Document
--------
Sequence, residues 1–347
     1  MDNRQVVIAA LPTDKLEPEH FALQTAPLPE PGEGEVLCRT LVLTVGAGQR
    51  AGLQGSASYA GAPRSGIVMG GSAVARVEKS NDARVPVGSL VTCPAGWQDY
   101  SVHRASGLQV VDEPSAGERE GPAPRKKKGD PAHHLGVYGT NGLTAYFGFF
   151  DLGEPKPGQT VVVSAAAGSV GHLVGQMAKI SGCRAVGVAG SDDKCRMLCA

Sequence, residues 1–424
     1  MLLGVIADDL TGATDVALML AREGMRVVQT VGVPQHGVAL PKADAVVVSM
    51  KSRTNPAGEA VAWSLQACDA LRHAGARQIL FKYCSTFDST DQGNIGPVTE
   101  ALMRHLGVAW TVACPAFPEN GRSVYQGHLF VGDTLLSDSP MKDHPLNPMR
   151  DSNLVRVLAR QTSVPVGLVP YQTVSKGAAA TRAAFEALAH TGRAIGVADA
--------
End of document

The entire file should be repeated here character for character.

Sequence, residues 1–347
     1  MDNRQVVIAA LPTDKLEPEH FALQTAPLPE PGEGEVLCRT LVLTVGAGQR
    51  AGLQGSASYA GAPRSGIVMG GSAVARVEKS NDARVPVGSL VTCPAGWQDY
   101  SVHRASGLQV VDEPSAGERE GPAPRKKKGD PAHHLGVYGT NGLTAYFGFF
   151  DLGEPKPGQT VVVSAAAGSV GHLVGQMAKI SGCRAVGVAG SDDKCRMLCA

Sequence, residues 1–424
     1  MLLGVIADDL TGATDVALML AREGMRVVQT VGVPQHGVAL PKADAVVVSM
    51  KSRTNPAGEA VAWSLQACDA LRHAGARQIL FKYCSTFDST DQGNIGPVTE
   101  ALMRHLGVAW TVACPAFPEN GRSVYQGHLF VGDTLLSDSP MKDHPLNPMR
   151  DSNLVRVLAR QTSVPVGLVP YQTVSKGAAA TRAAFEALAH TGRAIGVADA